Spreading the wealth [u]

Republicans blocked a bill in the Senate to raise the federal minimum wage to $10.10. Can you say ‘filibuster’? Against the measure we have this:

The proposal before the Senate throws cold water on job creation and it adds to the burdens businesses are already facing.

That comes from Wyoming’s Mike Enzi.

Let’s think about that for a moment. How do jobs get created?

I can come up with a better mousetrap that consumers want. So I build a manufacturing center that needs employees. Steve Jobs introduced a smartphone and then the tablet. Both gadgets are gobbled up by millions of customers around the globe and require thousands of people to assemble and market. There is a difference, however, in mousetraps and iPhones. The former is not a new product. It’s an improved version of an already existing category. If I hire workers to build the better mousetrap, we can assume that workers manufacturing the existing ones will get laid off. Have I therefore created jobs? Apple, on the other hand, revealed a brand new product, one that had not previously existed, though it borrowed from existing technologies.

But regardless of whether or not a product is revolutionary or evolutionary, its success in the market depends on people buying it. Which leads us to a thought experiment.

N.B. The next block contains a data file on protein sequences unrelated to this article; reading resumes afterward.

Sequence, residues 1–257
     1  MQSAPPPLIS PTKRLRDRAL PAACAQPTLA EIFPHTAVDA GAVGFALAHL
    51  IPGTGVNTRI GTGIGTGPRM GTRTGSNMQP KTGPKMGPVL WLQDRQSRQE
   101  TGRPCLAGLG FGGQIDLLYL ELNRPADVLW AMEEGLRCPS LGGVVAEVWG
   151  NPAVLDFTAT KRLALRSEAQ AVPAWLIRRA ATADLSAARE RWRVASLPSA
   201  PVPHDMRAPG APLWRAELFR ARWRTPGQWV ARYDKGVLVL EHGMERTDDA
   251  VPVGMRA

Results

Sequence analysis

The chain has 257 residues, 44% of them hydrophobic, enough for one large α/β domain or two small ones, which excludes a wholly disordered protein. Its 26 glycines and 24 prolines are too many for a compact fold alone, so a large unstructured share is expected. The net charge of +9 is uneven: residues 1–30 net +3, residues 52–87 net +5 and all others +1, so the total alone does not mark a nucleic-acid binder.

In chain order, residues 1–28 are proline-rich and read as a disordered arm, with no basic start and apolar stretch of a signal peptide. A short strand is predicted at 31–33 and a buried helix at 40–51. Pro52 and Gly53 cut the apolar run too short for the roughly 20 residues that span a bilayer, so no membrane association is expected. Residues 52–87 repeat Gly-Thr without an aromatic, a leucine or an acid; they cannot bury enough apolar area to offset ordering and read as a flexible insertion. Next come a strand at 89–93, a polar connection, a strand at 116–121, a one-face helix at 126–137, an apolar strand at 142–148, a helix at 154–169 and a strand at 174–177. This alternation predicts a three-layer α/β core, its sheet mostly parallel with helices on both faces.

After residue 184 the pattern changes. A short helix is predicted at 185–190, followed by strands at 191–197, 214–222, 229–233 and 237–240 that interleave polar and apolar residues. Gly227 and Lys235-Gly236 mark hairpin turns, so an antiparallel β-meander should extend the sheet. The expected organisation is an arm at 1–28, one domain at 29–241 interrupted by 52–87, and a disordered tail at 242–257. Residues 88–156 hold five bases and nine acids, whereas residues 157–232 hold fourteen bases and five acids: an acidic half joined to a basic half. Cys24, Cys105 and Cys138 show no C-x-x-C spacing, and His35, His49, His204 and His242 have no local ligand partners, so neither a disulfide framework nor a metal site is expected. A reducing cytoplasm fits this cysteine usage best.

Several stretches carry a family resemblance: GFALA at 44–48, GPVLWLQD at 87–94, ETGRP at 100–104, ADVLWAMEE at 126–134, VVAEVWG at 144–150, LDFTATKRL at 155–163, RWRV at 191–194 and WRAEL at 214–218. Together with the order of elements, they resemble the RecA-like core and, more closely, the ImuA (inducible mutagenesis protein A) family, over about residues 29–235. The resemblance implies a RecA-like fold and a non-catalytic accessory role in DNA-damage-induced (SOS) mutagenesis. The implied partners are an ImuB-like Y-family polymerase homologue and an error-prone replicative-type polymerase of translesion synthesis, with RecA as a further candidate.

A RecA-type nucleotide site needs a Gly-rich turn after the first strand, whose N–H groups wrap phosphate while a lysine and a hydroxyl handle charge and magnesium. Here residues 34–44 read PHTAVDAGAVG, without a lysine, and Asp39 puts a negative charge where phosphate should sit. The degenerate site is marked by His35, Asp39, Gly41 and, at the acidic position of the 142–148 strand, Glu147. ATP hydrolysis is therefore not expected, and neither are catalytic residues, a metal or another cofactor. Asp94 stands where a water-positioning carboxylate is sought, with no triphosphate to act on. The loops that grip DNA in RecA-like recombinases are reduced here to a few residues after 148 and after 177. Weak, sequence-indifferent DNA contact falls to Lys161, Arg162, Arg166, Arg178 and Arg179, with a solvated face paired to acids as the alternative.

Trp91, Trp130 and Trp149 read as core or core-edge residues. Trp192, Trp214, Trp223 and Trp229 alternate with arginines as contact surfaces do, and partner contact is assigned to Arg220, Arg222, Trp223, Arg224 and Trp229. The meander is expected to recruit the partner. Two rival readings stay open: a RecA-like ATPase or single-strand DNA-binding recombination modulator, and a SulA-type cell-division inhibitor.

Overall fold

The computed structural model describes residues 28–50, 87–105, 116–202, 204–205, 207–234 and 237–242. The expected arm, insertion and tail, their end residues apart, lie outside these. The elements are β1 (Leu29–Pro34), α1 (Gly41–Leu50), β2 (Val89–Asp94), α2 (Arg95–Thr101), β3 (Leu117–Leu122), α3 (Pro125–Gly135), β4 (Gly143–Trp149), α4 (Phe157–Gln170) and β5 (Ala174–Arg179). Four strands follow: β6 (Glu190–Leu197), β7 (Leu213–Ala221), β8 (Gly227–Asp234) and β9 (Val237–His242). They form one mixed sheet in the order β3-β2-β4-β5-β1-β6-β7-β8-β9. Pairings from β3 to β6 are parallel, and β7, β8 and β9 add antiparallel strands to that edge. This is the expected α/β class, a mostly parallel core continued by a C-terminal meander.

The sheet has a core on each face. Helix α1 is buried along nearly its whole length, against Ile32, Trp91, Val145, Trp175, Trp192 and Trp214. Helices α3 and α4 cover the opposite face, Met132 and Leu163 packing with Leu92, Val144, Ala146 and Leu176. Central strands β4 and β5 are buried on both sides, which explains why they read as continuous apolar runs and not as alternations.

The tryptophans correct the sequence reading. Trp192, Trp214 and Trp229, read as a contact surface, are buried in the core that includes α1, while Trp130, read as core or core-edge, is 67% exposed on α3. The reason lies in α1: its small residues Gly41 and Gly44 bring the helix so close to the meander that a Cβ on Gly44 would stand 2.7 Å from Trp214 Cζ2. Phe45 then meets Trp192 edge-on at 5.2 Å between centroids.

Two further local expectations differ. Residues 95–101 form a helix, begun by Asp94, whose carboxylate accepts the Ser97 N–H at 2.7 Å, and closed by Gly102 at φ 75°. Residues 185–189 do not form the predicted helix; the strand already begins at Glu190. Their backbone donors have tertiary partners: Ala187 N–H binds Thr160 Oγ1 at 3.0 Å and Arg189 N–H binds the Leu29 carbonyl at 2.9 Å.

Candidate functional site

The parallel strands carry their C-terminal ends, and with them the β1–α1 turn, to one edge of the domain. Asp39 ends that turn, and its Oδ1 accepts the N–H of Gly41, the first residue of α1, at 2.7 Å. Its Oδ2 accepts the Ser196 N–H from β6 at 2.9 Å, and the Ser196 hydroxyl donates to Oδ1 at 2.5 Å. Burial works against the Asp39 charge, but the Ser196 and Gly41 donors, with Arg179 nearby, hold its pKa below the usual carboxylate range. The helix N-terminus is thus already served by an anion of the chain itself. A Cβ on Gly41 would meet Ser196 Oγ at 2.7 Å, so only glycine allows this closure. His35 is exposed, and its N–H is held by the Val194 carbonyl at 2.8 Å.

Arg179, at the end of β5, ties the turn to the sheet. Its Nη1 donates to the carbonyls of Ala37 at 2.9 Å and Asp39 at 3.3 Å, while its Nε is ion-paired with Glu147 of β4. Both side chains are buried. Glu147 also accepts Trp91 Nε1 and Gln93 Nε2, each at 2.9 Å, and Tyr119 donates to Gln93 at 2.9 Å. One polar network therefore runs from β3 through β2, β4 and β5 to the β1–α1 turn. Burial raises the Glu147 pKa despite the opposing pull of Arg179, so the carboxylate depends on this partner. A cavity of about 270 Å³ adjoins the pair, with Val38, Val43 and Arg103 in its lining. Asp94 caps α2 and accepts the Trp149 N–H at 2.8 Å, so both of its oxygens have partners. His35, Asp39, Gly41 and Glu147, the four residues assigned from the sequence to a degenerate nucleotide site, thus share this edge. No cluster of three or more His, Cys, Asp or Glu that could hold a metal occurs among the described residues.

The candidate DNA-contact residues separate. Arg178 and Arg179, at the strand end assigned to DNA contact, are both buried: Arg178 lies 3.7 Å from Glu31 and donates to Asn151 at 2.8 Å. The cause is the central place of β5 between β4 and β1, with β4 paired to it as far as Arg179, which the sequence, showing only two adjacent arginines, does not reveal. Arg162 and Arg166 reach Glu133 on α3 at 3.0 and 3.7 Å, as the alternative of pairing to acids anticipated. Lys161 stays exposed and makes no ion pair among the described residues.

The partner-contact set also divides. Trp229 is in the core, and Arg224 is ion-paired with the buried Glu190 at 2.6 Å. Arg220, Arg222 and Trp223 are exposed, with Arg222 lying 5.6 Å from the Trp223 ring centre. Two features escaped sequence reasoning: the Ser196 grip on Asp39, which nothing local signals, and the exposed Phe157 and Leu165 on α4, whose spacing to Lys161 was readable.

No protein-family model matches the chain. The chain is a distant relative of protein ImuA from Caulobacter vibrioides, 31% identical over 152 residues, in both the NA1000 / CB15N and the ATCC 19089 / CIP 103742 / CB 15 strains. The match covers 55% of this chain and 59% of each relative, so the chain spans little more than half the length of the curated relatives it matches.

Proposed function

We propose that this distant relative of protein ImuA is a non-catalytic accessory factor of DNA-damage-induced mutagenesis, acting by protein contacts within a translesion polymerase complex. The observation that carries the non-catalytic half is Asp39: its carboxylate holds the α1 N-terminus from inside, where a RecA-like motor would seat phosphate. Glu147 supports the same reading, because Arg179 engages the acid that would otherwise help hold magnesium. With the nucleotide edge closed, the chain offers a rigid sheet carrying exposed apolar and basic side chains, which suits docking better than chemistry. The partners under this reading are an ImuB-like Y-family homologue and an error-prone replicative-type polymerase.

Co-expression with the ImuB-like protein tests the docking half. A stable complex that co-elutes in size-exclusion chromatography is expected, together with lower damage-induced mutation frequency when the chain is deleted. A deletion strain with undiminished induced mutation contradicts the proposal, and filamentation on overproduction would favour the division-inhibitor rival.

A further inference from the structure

Suppose that there are 10 people. One has 90 percent of the combined wealth of the ten; the other nine share the remaining 10 percent. That one person has enough money to buy hundreds of new iPhones. Yet he needs only one, perhaps two. The bottom nine don’t have enough money to purchase a single iPhone. Their wages are too low.

However, if the bottom nine, or even another five, shared half the combined wealth of the ten, they, too, could afford to buy an iPhone. Instead of Apple selling one or two, it sells as many as ten, shall we say. The company needs more employees to manufacture and sell ten phones than just one phone.

We arrive at a fundamental point. If the incomes of the many increase, more goods and services are purchased. On the other hand, if most of the income flows into the one percent, fewer goods and services are sold.

So, there are both virtuous and vicious cycles. Spreading wealth creates virtuous cycles; concentrating wealth creates vicious cycles.

In the end, it’s all about demand, and our economy—indeed, most of the world’s economies—suffer now from inadequate demand, because an ever increasing share of wealth lands in too few bank accounts. And since the rich can buy only so much, money circulates at a lower rate.

Raising the minimum wage distributes wealth away from those who hoard and toward those who will spend. The increased spending leads to more jobs, and so on—a virtuous cycle.